Feds need help hiring cyber workforce
At least 1,000 jobs could be filled a year, says Vance Hitch
The federal government needs to hire at least 1,000 cybersecurity graduates a year and should be creating and expanding recruiting programs, Vance Hitch, the Justice Department's chief information officer, said today.
The Scholarship for Service Program, currently supplies about 120 new cyber employees to federal agencies annually, but it ought to be enlarged to about 1,000 a year, Hitch said at a news conference on federal cybersecurity workforce needs.
“We need to encourage people to come into the federal government,” Hitch said. “The hiring process is uncomfortable and unfriendly, and someone has to be very focused to want to work for the federal government.”
The event was sponsored by the Partnership for Public Service, which presented a report prepared with consulting firm Booz Allen Hamilton. The report dealt with a lack of strategic federal cyber leadership, an insufficient talent pool, and barriers to recruiting federal cyber workers.
The pipeline of potential new talent is inadequate to meeting the needs, and fragmented and uncoordinated federal leadership hinders success, said Max Stier, president of the partnership. The anticipated appointment of a federal cyber czar is deal with many of the leadership issues; however, the position has not yet been filled.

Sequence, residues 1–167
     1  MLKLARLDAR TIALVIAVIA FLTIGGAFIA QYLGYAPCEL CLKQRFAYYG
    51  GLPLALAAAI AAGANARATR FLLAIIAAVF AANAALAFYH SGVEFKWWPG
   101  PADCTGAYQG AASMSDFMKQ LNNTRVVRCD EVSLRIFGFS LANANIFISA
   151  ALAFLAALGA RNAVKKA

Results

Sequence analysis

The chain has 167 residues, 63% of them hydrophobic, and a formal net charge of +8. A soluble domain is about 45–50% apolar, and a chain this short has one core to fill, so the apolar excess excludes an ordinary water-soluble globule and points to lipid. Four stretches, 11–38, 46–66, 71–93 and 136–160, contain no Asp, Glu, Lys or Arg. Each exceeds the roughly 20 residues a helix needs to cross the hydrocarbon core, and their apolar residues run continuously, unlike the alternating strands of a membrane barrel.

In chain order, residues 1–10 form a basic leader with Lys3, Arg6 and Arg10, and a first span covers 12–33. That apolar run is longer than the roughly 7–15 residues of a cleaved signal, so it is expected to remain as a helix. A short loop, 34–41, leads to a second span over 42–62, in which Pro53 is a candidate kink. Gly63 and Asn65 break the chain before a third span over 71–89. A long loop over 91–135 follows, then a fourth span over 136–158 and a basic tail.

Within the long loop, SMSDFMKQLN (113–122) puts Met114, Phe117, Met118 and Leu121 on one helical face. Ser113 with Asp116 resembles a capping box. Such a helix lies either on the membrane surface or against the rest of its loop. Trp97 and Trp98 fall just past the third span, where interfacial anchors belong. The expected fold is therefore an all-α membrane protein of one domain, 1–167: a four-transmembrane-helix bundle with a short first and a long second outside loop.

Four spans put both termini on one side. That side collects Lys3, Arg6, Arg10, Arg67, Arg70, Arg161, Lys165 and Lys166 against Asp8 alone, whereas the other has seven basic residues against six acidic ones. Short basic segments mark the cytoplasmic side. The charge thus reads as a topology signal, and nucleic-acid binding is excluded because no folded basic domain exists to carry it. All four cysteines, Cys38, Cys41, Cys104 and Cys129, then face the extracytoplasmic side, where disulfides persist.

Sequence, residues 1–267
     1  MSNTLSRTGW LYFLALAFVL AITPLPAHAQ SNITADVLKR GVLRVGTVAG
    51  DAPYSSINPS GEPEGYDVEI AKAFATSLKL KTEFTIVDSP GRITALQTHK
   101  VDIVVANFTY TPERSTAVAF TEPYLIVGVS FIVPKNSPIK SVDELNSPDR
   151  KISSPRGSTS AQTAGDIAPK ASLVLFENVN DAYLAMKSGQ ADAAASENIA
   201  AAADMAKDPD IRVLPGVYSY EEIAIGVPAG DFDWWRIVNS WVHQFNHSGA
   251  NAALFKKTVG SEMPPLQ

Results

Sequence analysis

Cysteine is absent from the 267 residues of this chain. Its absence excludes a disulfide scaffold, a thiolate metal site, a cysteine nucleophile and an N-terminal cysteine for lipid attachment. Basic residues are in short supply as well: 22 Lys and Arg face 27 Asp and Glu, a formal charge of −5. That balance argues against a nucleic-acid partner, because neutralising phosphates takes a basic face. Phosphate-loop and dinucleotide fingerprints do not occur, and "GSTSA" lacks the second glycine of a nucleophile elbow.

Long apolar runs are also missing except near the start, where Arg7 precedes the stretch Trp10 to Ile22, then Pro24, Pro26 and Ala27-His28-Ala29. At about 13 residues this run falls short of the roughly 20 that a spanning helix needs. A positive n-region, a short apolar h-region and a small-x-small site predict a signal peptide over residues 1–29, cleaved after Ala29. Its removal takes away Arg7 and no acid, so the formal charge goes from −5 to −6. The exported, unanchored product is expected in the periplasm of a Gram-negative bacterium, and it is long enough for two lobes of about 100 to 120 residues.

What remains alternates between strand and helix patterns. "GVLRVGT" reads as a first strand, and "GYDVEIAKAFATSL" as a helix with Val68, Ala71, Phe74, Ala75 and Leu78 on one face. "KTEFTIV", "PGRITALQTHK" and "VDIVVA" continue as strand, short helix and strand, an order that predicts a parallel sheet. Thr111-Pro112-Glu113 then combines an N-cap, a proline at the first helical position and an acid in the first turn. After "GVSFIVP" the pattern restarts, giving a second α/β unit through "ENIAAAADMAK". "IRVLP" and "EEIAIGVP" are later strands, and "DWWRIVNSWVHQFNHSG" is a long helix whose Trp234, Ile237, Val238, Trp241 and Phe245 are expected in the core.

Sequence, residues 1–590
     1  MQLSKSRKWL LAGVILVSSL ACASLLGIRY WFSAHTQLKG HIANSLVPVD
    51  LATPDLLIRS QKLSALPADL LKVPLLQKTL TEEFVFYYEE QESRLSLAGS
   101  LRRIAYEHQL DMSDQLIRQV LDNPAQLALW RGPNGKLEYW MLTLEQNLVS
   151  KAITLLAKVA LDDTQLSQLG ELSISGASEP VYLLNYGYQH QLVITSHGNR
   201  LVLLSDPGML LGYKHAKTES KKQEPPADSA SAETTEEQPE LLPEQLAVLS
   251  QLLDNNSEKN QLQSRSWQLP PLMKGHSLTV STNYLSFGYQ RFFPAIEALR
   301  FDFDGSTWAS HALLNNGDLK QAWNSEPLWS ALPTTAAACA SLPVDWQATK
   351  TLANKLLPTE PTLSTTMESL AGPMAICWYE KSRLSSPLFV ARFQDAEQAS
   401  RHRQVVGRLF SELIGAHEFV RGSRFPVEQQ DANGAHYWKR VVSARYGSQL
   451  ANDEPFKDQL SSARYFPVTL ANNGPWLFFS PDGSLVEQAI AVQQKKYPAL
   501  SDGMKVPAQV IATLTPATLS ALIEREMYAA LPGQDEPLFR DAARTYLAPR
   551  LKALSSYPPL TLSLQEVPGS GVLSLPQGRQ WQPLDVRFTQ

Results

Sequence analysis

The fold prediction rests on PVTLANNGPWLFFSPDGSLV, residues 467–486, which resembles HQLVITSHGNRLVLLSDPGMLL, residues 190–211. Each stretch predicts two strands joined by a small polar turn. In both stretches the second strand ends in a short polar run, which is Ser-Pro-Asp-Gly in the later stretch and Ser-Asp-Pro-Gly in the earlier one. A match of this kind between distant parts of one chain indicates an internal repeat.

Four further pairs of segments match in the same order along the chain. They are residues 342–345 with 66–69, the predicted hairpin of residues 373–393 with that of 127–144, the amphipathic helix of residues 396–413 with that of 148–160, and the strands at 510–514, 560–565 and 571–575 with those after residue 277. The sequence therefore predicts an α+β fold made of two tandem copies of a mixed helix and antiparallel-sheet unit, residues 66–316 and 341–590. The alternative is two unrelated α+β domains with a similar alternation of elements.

Cyber threats have been on the rise against federal and private networks, and President Barack Obama has announced several cybersecurity initiatives. Three-quarters of the federal officials surveyed for the report said attracting skilled cyber talent is a high priority for the next two years.
“I could fill five to 10 cybersecurity positions right now, and that is true most of the time,” Hitch said. Although he and the partnership did not estimate the total number of current cyber-related vacancies in federal agencies, Hitch said at least 1,000 cyber graduates could be absorbed annually governmentwide.
The intelligence community alone has more than 1,000 open cybersecurity positions, said Ron Sanders, chief human capital officer at the Office of the Director of National Intelligence.
Currently, due to the economic downturn, recruitment is going better than usual, he said. “We are competing very well right now,” Sanders said after the news conference. The intelligence community also has separate rules that reduce some of the barriers to hiring. “Frankly, it is an advantage not to be covered by regular civil service requirements,” he said.
Alice Lipowicz is a staff writer covering government 2.0, homeland security and other IT policies for Federal Computer Week.